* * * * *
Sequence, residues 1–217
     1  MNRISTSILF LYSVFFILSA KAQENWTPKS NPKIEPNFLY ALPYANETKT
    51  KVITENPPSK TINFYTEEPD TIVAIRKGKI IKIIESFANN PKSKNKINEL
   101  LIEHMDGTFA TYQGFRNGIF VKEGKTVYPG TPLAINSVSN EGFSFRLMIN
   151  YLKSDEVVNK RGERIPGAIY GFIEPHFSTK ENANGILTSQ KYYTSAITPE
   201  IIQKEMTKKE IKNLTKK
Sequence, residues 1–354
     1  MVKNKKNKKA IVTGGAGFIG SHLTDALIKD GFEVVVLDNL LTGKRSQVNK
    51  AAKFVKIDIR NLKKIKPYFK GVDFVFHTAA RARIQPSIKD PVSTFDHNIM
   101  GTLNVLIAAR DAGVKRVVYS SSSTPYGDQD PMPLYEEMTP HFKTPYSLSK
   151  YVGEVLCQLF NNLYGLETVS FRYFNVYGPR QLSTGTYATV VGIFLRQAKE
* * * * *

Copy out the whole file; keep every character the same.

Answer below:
Sequence, residues 1–217
     1  MNRISTSILF LYSVFFILSA KAQENWTPKS NPKIEPNFLY ALPYANETKT
    51  KVITENPPSK TINFYTEEPD TIVAIRKGKI IKIIESFANN PKSKNKINEL
   101  LIEHMDGTFA TYQGFRNGIF VKEGKTVYPG TPLAINSVSN EGFSFRLMIN
   151  YLKSDEVVNK RGERIPGAIY GFIEPHFSTK ENANGILTSQ KYYTSAITPE
   201  IIQKEMTKKE IKNLTKK
Sequence, residues 1–354
     1  MVKNKKNKKA IVTGGAGFIG SHLTDALIKD GFEVVVLDNL LTGKRSQVNK
    51  AAKFVKIDIR NLKKIKPYFK GVDFVFHTAA RARIQPSIKD PVSTFDHNIM
   101  GTLNVLIAAR DAGVKRVVYS SSSTPYGDQD PMPLYEEMTP HFKTPYSLSK
   151  YVGEVLCQLF NNLYGLETVS FRYFNVYGPR QLSTGTYATV VGIFLRQAKE